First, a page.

Balloon Telescope GUSTO lands on Antarctica after record-breaking flight

GUSTO takes off on December 31st 2023. Credit: NASA
GUSTO takes off on December 31st 2023. Credit: NASA

After a record-breaking 57 days, 7 hours and 38 minutes, NASA’s balloon telescope GUSTO completed its flight above Antarctica by landing on the ice by parachute. The mission was designed to last 55 days. GUSTO has observed atomic clouds in our own galaxy and its nearest neighbor with far-infrared cameras, developed by SRON and TU Delft.

Since its launch on new year’s eve, the Galactic/Extragalactic ULDB Spectroscopic Terahertz Observatory (GUSTO) has floated along the circumpolar vortex at 36-40 km altitude above Antarctica. During its 57 days in the air, it has mapped a large part of our Milky Way, including the center, and a satellite galaxy called the Large Magellanic Cloud. Gusto has spiraled outwards for three orbits before losing altitude. As night was gaining more and more terrain, especially on the outer parts of the continent, altitude drops were inevitable and eventually caused an expected end of the mission. GUSTO had already completed its mission plan.

’We are celebrating a huge success,’ says Jian-Rong Gao (SRON/TU Delft), the project leader for the Dutch contribution. ’GUSTO has collected vast amounts of data during its 57 days in the stratosphere. And we are very happy that it landed on land rather than in the ocean. This means NASA can recover it when spring sets in on the southern hemisphere. Recovery is actually not necessary because all the data has already been transferred to the ground station. But it would be great for a museum and some parts could even be re-used for future missions.’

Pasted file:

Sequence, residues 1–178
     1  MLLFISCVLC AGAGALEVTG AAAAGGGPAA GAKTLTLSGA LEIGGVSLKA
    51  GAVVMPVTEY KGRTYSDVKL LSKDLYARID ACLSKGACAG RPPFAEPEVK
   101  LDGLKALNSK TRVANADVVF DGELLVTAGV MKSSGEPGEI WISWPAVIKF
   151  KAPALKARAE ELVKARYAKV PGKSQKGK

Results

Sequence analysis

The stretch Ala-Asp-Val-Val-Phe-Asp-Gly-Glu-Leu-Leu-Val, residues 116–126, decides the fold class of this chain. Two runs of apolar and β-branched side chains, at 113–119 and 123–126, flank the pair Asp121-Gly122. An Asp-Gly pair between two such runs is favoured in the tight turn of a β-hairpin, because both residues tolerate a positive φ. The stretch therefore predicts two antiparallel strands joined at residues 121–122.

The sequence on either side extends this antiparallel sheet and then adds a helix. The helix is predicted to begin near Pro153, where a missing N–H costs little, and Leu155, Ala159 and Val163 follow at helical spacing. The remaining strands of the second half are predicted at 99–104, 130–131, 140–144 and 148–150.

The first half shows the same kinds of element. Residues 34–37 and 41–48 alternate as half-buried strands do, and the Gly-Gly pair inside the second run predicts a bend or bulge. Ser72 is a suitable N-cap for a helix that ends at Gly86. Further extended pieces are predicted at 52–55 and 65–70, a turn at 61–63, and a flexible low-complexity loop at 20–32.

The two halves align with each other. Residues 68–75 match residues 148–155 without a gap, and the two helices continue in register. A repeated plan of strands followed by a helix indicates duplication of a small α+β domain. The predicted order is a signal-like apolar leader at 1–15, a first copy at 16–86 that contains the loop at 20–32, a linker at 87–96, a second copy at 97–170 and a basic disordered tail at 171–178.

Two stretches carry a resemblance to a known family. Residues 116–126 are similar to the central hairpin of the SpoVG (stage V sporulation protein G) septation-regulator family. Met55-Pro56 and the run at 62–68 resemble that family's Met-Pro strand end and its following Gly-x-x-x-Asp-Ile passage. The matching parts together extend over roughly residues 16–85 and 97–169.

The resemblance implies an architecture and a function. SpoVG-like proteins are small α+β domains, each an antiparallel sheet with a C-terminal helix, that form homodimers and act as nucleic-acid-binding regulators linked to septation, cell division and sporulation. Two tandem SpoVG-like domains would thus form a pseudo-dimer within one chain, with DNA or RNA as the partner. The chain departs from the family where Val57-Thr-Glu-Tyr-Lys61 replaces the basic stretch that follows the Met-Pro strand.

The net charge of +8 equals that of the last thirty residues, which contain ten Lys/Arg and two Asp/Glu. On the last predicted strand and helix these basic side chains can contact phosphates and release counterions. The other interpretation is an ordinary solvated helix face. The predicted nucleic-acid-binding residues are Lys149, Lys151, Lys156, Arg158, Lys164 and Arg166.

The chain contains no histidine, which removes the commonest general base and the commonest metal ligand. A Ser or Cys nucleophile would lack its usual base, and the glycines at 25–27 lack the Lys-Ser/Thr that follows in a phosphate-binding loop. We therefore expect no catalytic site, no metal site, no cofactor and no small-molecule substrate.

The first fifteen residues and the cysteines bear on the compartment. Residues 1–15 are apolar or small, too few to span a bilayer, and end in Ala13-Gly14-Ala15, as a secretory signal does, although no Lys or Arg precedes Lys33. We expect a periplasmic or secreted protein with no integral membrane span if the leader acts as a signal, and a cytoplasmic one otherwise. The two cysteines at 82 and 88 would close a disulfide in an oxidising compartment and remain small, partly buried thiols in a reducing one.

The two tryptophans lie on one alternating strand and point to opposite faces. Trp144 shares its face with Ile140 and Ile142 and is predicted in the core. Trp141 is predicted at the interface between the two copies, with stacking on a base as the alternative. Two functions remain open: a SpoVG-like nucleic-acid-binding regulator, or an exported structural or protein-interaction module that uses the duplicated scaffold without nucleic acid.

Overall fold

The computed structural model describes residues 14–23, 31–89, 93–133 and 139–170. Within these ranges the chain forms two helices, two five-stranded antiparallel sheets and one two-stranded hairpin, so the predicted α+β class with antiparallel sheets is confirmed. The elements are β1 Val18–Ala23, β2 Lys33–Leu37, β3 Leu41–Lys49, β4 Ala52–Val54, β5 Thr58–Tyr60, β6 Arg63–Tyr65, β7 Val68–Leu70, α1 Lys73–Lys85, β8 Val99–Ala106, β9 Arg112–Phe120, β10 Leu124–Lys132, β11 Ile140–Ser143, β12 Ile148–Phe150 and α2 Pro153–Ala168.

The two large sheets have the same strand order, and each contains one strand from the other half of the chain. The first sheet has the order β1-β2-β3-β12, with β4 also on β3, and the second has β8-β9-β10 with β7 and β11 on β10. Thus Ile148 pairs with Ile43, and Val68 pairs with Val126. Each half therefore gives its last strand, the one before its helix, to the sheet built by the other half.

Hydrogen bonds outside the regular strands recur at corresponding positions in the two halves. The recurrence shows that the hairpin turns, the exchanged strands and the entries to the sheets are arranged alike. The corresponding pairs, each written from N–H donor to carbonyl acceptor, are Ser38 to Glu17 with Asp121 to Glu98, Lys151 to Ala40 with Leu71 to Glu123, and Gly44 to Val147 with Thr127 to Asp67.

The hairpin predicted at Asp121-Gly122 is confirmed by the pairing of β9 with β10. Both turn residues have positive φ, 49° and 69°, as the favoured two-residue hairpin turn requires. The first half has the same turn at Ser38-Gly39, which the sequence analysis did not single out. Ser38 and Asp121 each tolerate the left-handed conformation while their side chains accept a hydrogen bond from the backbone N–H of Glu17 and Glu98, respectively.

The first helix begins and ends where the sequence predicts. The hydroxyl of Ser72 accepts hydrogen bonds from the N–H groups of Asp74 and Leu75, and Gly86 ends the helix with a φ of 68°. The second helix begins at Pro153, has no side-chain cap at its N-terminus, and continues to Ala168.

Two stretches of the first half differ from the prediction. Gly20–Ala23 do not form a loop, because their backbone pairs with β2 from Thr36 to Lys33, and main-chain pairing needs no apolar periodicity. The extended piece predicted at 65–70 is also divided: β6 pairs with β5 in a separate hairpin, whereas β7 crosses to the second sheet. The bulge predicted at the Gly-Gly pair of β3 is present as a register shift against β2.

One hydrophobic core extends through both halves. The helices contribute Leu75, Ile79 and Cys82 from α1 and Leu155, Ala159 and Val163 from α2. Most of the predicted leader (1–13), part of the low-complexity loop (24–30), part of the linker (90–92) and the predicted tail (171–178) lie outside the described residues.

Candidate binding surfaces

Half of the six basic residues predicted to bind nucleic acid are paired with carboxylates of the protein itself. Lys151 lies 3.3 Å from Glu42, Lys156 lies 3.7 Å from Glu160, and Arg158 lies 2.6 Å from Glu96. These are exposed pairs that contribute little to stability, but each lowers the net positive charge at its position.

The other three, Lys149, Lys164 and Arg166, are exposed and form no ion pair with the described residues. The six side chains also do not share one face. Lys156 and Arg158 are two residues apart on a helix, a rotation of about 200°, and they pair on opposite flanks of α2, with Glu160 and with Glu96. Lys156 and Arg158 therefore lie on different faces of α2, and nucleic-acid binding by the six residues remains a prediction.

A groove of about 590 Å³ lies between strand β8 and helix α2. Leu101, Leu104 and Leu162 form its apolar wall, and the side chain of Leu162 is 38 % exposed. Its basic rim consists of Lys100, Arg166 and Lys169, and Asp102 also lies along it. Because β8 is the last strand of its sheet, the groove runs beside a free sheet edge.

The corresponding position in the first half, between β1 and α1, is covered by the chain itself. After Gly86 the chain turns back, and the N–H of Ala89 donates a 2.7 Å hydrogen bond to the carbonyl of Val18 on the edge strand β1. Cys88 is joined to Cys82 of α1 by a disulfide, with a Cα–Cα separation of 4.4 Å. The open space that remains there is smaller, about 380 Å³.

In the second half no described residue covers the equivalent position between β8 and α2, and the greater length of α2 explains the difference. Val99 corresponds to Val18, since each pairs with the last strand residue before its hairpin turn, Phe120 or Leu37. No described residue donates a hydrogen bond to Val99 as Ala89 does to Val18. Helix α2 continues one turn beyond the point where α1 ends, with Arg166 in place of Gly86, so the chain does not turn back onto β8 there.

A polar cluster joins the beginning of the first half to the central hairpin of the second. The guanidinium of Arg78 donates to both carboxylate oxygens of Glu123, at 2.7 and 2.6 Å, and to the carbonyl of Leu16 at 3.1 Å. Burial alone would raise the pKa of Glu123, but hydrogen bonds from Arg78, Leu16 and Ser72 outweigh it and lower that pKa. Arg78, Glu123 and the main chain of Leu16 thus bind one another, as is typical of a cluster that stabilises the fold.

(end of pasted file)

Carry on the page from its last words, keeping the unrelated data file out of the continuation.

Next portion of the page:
GUSTO is designed to unravel the star formation process-from the formation of gas and dust clouds all the way to the dying process of stars and the production of the next generation. The observatory consists of a one meter diameter telescope and a cryogenic instrument that used far-infrared cameras to detect and map emission lines of ionized carbon [CII] and nitrogen [NI] in the interstellar medium (ISM)--the gas and dust in between stars. The camera for oxygen [OI] failed to collect data because of unexpected ice-forming on the local oscillator-a reference source. All cameras are based on superconducting detectors operating at -269 C and are developed by SRON in close collaboration with TU Delft.

’This observation technique is called high resolution spectroscopy,’ says Wouter Laauwen (SRON). ’It allows us to extract from the spectra the exact density, temperature and velocity of atomic clouds. This makes it possible to create a 3D map of our galaxy and the Large Magellanic Cloud with which astronomers can verify and refine their models on star formation and galaxy evolution.’